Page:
More than 5,000 books in the Occupy Wall Street library were reportedly thrown away when police moved in to remove protesters from Zuccotti Park in New York early Tuesday. A judge has signed an order allowing protesters to return to Zuccotti Park with their belongings; further court action is expected Tuesday. What that means for the books, no one yet knows.
Recommended Reading: Jenny Diski on our lost words. “So I had a thought about writing a book for the elderly, the old. Those who have lost their words more comprehensively than the friends around our lunch table, but haven’t lost themselves entirely. A book about where all the words go, where after a time they find the others and collaborate to make sentences.”
“Hell-bent on researching the most microscopic pieces of a layered family history, Charles Ward burrows deeply into Old Providence. Lovecraft’s meticulous scene-setting is answered in the graphic novel with Ian Culbard drafting stately mansion exteriors and farmhouses in simple, slender strokes and never lending them more than two or three tones from his understated color palette.” On a graphic novel treatment of The Case of Charles Dexter Ward.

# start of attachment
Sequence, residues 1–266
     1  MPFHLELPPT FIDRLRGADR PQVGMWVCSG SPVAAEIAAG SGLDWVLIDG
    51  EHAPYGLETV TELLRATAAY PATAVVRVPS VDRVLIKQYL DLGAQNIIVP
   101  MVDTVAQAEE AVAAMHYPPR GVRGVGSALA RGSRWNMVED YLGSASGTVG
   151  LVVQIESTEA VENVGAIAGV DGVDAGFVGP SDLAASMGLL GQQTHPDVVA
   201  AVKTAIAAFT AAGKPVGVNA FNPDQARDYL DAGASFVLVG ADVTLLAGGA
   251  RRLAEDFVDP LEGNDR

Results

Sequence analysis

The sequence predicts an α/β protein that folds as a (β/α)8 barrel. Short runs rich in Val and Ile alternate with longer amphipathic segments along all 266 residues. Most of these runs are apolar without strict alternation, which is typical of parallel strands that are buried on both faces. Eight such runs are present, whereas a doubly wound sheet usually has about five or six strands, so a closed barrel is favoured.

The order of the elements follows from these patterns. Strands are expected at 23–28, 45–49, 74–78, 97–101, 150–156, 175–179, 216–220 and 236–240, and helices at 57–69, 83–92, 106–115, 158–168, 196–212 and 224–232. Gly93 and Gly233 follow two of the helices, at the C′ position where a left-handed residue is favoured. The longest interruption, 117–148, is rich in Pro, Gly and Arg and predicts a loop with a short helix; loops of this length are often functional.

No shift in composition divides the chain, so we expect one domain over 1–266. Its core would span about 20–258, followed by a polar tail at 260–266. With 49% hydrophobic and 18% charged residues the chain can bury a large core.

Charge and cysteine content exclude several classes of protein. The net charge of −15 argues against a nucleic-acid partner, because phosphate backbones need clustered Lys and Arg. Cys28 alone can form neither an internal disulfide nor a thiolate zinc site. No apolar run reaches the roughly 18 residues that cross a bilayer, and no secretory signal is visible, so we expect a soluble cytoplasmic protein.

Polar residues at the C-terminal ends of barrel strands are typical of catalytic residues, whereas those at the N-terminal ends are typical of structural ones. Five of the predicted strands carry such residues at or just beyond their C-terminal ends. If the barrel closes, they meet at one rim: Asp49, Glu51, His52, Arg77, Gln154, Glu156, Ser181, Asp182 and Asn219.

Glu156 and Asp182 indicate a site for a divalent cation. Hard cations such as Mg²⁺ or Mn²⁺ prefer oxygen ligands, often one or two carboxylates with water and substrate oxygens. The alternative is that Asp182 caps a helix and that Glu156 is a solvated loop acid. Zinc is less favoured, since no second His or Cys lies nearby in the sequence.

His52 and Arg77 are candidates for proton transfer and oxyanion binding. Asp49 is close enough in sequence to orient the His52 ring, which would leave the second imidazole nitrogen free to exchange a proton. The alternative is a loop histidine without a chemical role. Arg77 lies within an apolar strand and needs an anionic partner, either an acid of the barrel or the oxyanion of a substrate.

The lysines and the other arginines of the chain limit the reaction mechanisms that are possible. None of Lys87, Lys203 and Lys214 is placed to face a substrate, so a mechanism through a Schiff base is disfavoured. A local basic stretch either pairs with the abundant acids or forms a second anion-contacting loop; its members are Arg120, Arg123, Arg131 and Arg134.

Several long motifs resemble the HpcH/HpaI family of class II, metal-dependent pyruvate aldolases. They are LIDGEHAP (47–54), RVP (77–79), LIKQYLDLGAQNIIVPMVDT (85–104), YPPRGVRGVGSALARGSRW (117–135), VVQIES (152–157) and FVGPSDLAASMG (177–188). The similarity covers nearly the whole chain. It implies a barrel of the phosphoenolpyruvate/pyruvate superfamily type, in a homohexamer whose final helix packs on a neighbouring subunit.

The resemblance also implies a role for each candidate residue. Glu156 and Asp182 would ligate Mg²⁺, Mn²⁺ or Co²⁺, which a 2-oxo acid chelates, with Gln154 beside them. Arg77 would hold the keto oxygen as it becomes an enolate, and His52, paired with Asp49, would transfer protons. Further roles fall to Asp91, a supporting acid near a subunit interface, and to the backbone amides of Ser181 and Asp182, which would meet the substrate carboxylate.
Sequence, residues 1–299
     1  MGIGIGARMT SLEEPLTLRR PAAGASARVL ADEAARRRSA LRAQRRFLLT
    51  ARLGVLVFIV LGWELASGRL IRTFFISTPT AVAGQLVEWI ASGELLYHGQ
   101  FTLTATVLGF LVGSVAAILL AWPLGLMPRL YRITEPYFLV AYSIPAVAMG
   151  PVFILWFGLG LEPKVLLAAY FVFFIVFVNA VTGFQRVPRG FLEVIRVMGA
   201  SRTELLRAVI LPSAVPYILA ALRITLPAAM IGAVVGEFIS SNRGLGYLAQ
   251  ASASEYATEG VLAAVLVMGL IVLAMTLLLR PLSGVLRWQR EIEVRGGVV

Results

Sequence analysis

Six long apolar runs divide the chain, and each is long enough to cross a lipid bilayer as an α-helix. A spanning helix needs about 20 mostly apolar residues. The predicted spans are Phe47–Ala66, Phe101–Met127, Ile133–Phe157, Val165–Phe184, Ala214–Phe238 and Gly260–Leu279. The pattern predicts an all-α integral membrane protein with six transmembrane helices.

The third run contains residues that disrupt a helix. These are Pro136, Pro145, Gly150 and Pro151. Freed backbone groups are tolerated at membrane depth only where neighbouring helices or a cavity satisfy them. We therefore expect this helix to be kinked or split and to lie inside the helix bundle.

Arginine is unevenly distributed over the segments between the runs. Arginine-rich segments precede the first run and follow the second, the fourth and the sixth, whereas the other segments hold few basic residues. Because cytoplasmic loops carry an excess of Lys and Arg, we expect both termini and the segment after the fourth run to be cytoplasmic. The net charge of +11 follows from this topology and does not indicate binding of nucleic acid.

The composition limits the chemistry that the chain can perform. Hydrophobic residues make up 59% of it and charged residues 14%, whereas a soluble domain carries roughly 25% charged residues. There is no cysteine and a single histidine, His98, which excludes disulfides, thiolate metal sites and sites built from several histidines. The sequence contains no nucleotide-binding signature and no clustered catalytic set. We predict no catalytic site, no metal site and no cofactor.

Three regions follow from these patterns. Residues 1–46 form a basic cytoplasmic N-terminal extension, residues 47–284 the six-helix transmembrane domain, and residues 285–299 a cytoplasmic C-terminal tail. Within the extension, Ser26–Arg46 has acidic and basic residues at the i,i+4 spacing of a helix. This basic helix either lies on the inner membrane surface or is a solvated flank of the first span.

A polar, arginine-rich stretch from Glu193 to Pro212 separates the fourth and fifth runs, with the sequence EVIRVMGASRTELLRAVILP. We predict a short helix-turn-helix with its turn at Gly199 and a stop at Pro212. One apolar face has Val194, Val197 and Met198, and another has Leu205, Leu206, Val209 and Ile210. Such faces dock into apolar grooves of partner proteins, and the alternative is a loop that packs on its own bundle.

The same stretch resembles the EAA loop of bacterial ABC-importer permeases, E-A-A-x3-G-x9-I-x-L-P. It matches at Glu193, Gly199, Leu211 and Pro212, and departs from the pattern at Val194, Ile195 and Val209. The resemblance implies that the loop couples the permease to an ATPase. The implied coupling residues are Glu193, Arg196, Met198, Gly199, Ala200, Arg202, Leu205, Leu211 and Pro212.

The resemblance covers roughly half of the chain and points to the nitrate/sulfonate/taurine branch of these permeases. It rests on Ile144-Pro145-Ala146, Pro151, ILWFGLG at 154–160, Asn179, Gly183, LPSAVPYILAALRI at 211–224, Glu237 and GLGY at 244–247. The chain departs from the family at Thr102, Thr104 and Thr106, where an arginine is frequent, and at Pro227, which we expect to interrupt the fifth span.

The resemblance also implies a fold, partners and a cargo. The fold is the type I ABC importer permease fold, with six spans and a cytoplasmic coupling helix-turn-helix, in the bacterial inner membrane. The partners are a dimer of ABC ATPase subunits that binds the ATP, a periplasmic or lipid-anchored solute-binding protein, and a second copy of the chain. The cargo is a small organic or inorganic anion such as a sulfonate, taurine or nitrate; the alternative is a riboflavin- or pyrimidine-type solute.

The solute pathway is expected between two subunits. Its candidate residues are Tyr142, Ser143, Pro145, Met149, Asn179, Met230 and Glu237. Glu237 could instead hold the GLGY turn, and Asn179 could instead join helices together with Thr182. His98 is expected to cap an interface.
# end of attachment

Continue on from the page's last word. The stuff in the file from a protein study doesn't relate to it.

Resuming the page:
“Getting too quickly to where you want to go, getting there too smoothly, is antithetical to thinking through complex issues. You want roadblocks, confusion, chaos, and doubt. Unexpected, wonderful things come out of this approach.” Jeff VanderMeer provides a master class for Publisher’s Weekly on novel revision, explaining in five steps how his new book Borne arrived at its final incarnation. And for more shop talk, see VanderMeer’s interview with The Kills author Richard House from our own pages a couple of years back.
It’s rare that a writer decides his new novel will be his last, but that’s exactly what Michael Faber has done with regards to his latest, which comes out this week. In the Times, he talks with Alexandra Alter about his decision, saying: “I felt that I had one more book in me that could be special and sincere and extraordinary, and that that would be enough.” It’s probably a good time to read our own Bill Morris on the history of literary retirements.